Steps to Opening


U.S. Department of Transportation, Federal Aviation Administration

The Federal Aviation Administration’s (FAA) mission is to provide the safest, most efficient aerospace system in the world; the FAA is responsible for the safety of civil aviation. The FAA’s major roles include: regulating civil aviation to promote safety; encouraging and developing civil aeronautics, including new aviation technology; developing and operating a system of air traffic control and navigation for both civil and military aircraft; researching and developing the National Airspace System and civil aeronautics; developing and carrying out programs to control aircraft noise and other environmental effects of civil aviation; and regulating U.S. commercial space transportation.

The FAA regulates various types of aerospace businesses and professionals including:

  • Air Carrier
  • Air Agency
  • Air Shows
  • Air Traffic Control Specialist
  • Aircraft
  • Aircraft Rescue and Firefighting ARFF
  • Airmen
  • Airport Certification
  • Airway Transportation Systems Specialist
  • Aviation Safety Inspector
  • Commercial Space Transportation
  • Drone Pilot
  • Pilot Flight/Ground School
  • Medical Certificate

Visit: https://www.faa.gov/licenses_certificates/

Federal Maritime Commission

The Federal Maritime Commission (FMC) is the independent federal agency responsible for regulating the U.S. international ocean transportation system for the benefit of U.S. exporters, importers, and the U.S. consumer. The FMC ensures a competitive and reliable international ocean transportation supply system that supports the U.S. economy and protects the public from unfair and deceptive practices.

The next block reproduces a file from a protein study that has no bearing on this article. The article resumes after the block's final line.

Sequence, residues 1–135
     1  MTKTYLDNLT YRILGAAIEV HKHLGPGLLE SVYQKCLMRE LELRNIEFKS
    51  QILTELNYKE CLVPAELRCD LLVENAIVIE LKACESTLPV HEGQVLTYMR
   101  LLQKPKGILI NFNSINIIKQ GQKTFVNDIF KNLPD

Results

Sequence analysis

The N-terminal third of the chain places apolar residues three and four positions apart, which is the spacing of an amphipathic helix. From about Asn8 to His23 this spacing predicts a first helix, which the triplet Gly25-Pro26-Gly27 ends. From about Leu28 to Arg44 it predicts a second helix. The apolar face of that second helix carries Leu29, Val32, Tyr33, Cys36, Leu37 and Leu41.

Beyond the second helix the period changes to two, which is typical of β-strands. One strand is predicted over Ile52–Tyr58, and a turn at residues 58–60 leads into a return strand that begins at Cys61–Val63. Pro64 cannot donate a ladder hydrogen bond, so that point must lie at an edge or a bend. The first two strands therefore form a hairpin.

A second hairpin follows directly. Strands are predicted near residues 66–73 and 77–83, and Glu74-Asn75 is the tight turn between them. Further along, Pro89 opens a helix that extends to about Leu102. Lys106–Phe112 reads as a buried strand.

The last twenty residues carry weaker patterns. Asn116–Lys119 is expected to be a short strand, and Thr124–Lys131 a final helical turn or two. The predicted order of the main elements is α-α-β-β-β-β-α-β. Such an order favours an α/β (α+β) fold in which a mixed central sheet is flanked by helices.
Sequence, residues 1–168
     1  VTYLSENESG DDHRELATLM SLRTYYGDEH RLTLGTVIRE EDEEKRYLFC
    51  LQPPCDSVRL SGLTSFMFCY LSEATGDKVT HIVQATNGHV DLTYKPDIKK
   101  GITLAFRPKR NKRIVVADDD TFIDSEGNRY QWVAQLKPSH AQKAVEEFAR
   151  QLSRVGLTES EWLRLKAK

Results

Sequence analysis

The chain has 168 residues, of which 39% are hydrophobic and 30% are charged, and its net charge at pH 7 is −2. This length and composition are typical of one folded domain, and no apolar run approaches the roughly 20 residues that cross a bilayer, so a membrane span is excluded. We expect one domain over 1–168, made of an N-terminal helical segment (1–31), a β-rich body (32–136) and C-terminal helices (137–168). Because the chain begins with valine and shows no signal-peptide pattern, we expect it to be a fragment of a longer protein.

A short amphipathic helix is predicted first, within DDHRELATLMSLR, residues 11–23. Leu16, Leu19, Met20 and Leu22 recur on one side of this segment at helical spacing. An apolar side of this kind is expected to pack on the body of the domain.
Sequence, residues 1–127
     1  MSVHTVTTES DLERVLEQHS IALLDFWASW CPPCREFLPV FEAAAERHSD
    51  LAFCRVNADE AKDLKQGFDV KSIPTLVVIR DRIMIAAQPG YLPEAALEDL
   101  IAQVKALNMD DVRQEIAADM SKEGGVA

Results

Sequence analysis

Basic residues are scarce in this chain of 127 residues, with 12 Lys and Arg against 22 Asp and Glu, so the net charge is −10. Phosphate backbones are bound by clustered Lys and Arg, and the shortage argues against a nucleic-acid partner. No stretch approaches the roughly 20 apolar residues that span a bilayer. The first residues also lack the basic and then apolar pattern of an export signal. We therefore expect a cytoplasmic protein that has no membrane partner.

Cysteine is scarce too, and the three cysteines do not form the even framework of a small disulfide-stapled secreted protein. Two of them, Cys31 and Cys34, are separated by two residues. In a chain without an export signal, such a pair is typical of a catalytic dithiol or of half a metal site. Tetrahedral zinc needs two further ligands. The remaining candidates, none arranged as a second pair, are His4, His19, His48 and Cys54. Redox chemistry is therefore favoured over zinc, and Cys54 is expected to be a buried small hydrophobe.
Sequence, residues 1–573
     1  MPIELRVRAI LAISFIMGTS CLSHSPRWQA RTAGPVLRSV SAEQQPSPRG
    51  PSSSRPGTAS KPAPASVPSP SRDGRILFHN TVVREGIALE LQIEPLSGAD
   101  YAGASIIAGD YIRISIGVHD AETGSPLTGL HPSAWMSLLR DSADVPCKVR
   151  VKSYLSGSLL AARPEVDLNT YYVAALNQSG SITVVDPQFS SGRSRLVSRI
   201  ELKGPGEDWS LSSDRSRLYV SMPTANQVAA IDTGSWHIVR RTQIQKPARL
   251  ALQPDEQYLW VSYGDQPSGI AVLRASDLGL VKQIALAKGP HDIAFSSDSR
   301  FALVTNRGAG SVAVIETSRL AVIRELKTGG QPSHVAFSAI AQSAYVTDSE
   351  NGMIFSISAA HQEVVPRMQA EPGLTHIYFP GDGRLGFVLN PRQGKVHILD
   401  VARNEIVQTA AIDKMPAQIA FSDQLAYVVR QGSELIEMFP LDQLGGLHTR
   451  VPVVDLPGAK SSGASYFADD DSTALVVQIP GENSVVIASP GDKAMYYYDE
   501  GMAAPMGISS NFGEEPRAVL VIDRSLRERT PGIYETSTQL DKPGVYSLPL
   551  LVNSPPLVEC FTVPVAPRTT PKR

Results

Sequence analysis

The FMC regulates various businesses and vessels, including:

  • Passenger Vessel Certification. The FMC Bureau of Certification and licensing (BCL) issues certificates to operators of passenger vessels with 50 or more berths and that embark passengers from U.S. ports (PVOs). The Certificate (Performance) evidences that the PVO has on file with the Commission acceptable coverage to satisfy any liability incurred for nonperformance of transportation, such as when a PVO declares bankruptcy and fails to complete the cruises booked. The coverage is used to reimburse passengers when the PVO fails to perform cruises as contracted and has taken no further actions to refund passengers. The Certificate (Casualty) evidences that the PVO has acceptable coverage to satisfy any liability incurred for death or injury on file with the Commission.
  • Ocean Transport Intermediaries. The Office of Ocean Transportation Intermediaries receives, reviews, and processes all OTI bonds and bond riders. Information regarding these issues can be found at Bond Program Information. The Office processes all revocations, surrenders, recissions of revocation and reissuances of OTI licenses. The Office also manages the Regulated Persons Index(RPI) and the list of FMC Licensed & Bonded OTIs.